Jill Long Thompson represented northeast Indiana in Congress from 1989 to 1994, serving on the Committee on Agriculture. She is now a visiting clinical associate professor at Indiana University Bloomington.
It is reasonable for us to expect the head of a federal agency to show up for work. And yet, the chair of the National Credit Union Administration Board, J. Mark McWatters, is not doing that. McWatters is paid $174,500 a year as head of the independent federal agency whose mission is ensuring the safety and soundness of our country's credit union system, but he is rarely seen at his office. Credit union members deserve better. He should step down.
According to an investigative report published in the Washington Post on May 11, McWatters works from his home in Dallas, even though his office is in agency headquarters just outside Washington, D.C. His spokesman said he only shows up for monthly board meetings and other occasions when duties require him to be there.
But, by statute, his board chairmanship is a full-time position. The NCUA Employee Handbook, as well as the agency's website, clearly state that his duty station is the NCUA central office in Alexandria, Virginia. And one could reasonably conclude he thinks the office is important since he had the agency spend $22,000 for new furniture when he was first appointed.
As the former board chair and CEO of the Farm Credit Administration, the independent regulatory agency for the Farm Credit System and the agency that many years ago had oversight of credit unions, I find it appalling that McWatters has such a cavalier attitude toward his responsibilities. Ensuring the safety and soundness of the country's member-owned credit unions is not a small job. His agency employs about 1,200 people, and their annual operating budget is almost $300 million.
According to their Dec. 31, 2017 end-of-quarter report, the agency oversees 5,573 federally insured credit unions with total assets of $1.38 trillion and total membership of 111.3 million people. McWatters also has a responsibility to taxpayers because the National Credit Union Share Insurance Fund, operated and managed by NCUA, is backed by the full faith and credit of the U.S. government.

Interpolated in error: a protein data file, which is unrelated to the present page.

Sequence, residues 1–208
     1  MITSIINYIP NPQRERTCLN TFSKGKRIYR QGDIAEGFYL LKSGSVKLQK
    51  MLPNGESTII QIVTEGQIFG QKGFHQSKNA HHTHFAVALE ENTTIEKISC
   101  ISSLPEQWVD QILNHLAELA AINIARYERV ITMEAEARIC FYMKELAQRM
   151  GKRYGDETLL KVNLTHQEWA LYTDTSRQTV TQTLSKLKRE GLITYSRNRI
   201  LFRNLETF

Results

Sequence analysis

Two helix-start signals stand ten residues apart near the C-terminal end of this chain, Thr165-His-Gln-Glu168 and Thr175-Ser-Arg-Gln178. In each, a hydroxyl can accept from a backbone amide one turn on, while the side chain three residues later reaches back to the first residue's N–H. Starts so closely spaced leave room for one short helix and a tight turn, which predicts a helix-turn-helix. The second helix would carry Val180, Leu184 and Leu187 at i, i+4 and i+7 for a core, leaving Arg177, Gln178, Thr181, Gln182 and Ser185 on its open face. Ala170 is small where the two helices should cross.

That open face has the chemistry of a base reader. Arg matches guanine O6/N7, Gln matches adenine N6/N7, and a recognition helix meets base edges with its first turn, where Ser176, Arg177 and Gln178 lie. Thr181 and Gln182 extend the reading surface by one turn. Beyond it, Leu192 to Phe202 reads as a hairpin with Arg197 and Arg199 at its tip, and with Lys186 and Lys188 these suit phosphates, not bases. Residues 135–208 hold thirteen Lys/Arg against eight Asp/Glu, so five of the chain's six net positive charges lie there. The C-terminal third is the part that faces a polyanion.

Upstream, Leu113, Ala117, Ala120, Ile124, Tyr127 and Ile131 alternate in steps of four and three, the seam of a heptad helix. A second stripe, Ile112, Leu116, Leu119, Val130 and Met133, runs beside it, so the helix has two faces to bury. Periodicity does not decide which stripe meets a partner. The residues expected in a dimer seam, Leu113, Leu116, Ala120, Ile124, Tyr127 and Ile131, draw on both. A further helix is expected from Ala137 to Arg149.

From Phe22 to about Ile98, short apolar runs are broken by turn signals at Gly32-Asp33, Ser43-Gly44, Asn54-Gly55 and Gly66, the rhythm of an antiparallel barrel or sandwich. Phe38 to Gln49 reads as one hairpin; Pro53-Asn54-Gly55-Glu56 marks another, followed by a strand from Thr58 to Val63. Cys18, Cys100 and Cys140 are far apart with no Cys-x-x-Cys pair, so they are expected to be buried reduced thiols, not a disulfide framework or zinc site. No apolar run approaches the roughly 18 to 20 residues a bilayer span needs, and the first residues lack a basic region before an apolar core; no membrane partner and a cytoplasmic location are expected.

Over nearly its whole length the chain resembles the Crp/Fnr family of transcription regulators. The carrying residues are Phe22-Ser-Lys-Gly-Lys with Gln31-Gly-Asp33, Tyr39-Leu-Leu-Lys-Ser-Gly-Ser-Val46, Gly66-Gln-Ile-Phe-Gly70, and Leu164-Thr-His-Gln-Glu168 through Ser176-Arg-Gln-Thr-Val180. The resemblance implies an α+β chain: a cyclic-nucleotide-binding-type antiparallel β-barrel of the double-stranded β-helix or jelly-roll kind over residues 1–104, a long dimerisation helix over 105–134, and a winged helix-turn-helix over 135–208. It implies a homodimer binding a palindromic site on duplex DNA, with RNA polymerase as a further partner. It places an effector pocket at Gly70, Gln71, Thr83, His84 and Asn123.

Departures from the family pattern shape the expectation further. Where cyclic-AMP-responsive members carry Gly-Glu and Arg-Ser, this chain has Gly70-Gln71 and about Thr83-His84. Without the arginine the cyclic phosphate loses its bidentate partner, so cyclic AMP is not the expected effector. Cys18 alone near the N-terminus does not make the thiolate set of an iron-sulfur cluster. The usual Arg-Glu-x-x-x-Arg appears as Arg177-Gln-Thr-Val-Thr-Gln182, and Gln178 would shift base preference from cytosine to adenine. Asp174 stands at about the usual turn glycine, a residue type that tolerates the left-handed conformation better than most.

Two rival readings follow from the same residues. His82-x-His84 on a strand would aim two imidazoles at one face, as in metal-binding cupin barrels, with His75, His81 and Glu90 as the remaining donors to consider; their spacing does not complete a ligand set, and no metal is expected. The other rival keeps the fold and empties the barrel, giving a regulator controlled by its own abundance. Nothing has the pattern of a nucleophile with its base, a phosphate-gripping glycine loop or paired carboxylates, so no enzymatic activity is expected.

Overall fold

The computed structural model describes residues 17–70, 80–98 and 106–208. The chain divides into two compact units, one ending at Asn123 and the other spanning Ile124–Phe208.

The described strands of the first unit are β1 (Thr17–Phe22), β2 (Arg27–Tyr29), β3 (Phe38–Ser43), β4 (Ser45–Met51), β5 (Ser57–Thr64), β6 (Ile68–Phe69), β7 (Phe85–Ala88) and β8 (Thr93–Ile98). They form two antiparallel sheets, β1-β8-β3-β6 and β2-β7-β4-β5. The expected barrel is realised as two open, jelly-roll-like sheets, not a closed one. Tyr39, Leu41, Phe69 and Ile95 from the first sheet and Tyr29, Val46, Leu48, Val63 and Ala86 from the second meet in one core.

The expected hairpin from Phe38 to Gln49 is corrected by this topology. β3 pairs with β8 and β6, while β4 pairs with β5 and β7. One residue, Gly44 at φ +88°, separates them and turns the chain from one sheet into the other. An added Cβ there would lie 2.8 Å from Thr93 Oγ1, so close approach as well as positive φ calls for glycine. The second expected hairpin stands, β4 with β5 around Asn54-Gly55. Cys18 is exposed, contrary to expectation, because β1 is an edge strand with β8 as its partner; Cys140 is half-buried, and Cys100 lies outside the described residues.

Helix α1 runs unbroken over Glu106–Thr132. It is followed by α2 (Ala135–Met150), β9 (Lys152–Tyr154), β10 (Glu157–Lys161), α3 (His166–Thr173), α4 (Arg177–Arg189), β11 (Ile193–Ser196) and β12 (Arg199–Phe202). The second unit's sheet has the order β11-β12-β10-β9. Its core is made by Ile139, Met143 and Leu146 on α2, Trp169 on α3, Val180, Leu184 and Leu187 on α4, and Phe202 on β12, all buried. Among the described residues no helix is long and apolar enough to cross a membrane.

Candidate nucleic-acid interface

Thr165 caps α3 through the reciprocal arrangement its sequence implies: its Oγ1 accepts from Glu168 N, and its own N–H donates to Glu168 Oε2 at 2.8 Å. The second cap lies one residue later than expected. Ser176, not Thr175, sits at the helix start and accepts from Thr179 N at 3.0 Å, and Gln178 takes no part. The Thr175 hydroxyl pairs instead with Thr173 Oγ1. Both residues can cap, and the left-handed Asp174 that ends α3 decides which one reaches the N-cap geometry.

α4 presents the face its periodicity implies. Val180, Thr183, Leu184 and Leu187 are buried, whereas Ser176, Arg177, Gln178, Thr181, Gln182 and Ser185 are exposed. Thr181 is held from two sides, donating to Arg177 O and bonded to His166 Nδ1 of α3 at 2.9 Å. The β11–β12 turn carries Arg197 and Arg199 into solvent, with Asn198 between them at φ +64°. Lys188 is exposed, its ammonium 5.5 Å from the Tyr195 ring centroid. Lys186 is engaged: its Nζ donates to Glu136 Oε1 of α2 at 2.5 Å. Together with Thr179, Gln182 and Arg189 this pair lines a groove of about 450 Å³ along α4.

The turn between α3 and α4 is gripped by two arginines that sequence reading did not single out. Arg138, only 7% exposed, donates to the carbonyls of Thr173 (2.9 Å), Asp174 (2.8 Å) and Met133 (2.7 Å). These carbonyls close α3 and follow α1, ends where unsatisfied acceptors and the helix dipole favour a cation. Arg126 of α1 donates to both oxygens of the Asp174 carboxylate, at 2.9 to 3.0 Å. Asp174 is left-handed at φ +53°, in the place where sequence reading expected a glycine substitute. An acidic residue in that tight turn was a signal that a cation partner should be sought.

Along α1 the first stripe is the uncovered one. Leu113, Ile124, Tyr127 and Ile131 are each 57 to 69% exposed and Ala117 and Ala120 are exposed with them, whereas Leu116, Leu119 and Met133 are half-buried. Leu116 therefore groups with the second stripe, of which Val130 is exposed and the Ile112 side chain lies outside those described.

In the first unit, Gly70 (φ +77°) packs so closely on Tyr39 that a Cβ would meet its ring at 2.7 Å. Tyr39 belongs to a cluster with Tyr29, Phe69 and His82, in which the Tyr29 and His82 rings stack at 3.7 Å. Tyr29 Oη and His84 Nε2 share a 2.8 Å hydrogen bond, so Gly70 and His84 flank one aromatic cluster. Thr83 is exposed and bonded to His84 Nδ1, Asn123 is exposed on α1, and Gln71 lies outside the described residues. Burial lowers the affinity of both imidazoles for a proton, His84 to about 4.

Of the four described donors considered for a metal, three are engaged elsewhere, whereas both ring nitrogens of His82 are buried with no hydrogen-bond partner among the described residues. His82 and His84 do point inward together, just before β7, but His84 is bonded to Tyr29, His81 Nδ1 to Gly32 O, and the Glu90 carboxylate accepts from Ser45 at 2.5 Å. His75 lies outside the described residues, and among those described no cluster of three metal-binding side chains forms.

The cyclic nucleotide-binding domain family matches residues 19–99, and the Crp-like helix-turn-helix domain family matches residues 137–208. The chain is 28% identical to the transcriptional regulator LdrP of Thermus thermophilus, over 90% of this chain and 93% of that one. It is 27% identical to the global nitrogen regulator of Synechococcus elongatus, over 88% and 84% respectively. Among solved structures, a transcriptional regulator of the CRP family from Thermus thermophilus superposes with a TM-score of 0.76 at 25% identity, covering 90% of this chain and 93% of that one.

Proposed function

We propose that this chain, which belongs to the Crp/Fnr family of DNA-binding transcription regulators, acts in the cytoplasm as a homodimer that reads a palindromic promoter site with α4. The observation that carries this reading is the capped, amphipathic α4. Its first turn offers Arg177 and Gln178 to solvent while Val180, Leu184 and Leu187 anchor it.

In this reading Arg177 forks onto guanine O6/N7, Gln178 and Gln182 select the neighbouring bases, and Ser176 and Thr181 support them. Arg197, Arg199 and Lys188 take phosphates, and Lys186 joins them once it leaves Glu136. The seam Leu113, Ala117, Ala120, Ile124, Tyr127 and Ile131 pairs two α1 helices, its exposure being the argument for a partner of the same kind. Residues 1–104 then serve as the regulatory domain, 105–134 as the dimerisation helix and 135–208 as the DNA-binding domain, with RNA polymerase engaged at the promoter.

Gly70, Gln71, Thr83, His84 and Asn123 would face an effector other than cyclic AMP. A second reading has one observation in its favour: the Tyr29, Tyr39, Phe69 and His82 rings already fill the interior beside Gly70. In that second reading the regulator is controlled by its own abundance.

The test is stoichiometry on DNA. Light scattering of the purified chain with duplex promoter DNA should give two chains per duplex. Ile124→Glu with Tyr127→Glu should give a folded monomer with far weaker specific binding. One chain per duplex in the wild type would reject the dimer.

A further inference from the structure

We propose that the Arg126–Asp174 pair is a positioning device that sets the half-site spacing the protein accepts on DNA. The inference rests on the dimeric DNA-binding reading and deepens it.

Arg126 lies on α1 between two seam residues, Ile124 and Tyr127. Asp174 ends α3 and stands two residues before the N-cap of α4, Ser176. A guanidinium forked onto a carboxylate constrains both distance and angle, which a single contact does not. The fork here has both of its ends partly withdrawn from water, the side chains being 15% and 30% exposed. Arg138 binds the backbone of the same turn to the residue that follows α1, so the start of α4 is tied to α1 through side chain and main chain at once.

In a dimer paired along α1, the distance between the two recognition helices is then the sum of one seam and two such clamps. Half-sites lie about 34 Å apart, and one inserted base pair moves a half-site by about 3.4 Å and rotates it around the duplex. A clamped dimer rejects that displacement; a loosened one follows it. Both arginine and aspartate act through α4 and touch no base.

While it is appalling that McWatters has exhibited such disregard for his official responsibilities, I cannot say I am completely surprised. Shortly after being appointed by President Barack Obama to serve at the Farm Credit Administration, I discovered the board had previously adopted a formal board-member-specific policy that appeared to conflict with the law. This policy allowed board members whose terms had expired but whose position had not yet been filled to work from their homes. It also provided for the FCA to reimburse them for transportation and lodging when they traveled to and from the office for board meetings or other events.
When I questioned the policy, I was told it was adopted because it was difficult for a board member who did not know when his or her last day of service would be to decide whether to continue leasing an apartment in the Washington area. That is true. But Congress writes the laws.
I had some familiarity with the language of the Farm Credit Act, the law that covers the Farm Credit System and the FCA. The statute states: “The members of the Board shall devote full time and attention to the business of the Board.” When Congress wrote and adopted that language, the intent was for board members to show up at work. The duty station for the FCA board members is the national headquarters in McLean, Virginia. I worked with my fellow board members and we officially rolled back that policy.
It is an honor to serve in high public office, and those who are privileged to do so should serve with honor. In 1989, through an executive order, President George H.W. Bush issued the Fourteen Principles of Ethical Conduct for Government Officers and Employees. They include the following statement: “Public service is a public trust.”
By not showing up for work while collecting $174,500 a year in salary, J. Mark McWatters has violated the public's trust. He must step down. If he does not, then President Donald Trump must remove him for cause.